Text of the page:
Cali Dunkley bravely spoke out about the domestic abuse she suffered at the hands of Ashley Gleeson when the thug admitted his crimes earlier this year.
Gleeson, 34, was warned it was likely he would be sent to prison and was given conditional bail when his sentencing hearing was adjourned in March.
But on Tuesday (May 3) he was given four months to prove himself after a judge deferred his sentence to September 9, with an expectation that there will be positive psychiatric engagement and no evidence of drug use in the interim.
Mum-of-four Cali, 32, said: "Where’s my justice if he’s still out? I don’t get it. It’s baffling.”
A previous hearing at Northampton Crown Court heard the pair met in April 2019 after messaging each other on Facebook and by July they moved in together.
They were happy before the relationship began to turn sour and Cali said they had their first argument when she found out Gleeson, an alcoholic, had been drinking.
She went to his flat on April 12, 2020, to explain why she couldn’t be with him and videoed him so he could see how he treated her once he had sobered up.
But Gleeson, of Melton Street, turned violent. He grabbed her by the ankles, pulled her off the sofa, called her a vile insult and kicked her in the groin and ribs, leaving visible bruises.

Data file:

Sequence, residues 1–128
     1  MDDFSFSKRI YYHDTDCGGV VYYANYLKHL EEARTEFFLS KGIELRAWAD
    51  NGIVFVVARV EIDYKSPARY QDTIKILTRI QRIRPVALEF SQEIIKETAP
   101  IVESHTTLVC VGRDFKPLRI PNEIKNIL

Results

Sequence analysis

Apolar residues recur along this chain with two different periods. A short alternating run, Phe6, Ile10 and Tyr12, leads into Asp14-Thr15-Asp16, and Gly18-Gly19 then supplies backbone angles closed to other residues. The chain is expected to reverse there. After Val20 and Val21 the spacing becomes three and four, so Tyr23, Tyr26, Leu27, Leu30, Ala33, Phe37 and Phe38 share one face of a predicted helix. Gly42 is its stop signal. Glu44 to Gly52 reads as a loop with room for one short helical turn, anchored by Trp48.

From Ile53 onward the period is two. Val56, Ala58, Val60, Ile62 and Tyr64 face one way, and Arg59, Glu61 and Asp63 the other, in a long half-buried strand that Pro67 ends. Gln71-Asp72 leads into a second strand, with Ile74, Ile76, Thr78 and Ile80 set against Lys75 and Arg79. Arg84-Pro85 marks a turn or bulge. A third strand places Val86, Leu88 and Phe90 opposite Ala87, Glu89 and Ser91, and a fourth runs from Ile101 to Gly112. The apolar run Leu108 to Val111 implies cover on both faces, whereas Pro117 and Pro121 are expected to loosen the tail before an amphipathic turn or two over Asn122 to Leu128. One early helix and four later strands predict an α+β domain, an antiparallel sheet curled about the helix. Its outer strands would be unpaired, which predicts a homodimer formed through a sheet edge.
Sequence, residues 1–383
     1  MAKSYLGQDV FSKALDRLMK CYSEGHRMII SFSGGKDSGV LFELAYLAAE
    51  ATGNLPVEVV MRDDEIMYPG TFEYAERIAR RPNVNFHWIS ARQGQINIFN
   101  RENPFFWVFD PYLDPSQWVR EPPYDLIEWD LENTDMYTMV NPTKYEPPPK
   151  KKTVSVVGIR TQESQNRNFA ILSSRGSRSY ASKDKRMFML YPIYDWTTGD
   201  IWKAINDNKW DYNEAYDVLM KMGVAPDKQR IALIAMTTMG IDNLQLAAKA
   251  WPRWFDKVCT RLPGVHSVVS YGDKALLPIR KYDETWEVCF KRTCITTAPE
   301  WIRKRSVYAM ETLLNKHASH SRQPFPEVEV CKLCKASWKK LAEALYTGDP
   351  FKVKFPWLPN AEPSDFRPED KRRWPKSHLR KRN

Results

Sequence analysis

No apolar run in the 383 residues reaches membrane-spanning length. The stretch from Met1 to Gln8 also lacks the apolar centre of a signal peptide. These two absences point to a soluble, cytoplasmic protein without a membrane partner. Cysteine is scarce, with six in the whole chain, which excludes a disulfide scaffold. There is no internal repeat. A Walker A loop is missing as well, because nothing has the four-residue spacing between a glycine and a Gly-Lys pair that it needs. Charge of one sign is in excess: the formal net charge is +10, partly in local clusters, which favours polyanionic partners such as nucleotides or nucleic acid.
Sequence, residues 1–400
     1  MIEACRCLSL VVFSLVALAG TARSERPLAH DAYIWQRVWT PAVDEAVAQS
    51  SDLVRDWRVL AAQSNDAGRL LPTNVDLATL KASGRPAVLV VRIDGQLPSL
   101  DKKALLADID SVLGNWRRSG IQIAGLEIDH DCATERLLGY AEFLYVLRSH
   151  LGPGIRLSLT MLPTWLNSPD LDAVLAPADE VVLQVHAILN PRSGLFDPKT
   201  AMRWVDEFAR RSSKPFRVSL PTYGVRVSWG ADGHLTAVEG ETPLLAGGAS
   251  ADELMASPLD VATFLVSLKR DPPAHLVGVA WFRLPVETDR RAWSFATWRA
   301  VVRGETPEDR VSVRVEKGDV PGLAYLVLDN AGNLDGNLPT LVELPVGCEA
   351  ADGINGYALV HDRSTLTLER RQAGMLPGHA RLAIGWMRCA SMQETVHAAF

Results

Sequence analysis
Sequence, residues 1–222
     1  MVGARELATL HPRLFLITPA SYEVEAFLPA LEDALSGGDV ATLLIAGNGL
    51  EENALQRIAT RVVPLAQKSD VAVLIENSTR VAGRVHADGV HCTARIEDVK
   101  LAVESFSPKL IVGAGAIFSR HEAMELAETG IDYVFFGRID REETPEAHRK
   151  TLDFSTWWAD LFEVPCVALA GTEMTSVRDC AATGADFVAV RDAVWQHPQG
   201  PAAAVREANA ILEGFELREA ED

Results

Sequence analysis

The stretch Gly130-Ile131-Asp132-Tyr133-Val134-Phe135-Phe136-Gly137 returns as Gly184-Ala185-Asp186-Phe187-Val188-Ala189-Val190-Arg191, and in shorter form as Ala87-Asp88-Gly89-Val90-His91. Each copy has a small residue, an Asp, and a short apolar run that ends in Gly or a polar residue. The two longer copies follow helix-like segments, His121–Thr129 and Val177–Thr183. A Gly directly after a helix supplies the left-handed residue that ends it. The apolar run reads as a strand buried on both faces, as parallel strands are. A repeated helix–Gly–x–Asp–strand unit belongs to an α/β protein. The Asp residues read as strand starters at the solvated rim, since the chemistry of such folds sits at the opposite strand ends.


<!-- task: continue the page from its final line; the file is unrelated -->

Cali managed to get away but she didn’t initially report the assault. A court heard she was concerned about social services becoming involved and she said she feared it would have an impact on the man she had once loved.
Weeks later Gleeson told her he had been getting help. They got back together but he started drinking again and on June 20 Cali was on the receiving end of more violence.
Gleeson pushed her, causing her to fall and hit her head on some pipes. He then slapped her cheek and she went to A&E, where Cali told police about the violence.
When Gleeson was first interviewed he said he had never hit her – and claimed some of the marks on her body were from a dog jumping up. He later pleaded guilty to assault by beating and assault occasioning actual bodily harm.
When he appeared in the dock in March the court heard he had mental health issues and was suffering from a mental breakdown at the time.
The case was put back for a report from his doctor and on Tuesday, after hearing mitigation, a judge deferred sentencing until September.
Cali, who urged other victims who are scared of leaving abusive relationships to get out, said she now faces another anxious wait for justice and closure.
She is worried about bumping into him this summer – and that it will be her children who suffer as she is less likely to take them out.
She said: “I’m disappointed that he’s been given the opportunity to stay on the streets. It gives him the opportunity to enter another relationship.
“It would be safer if he was to be rehabilitated in prison.”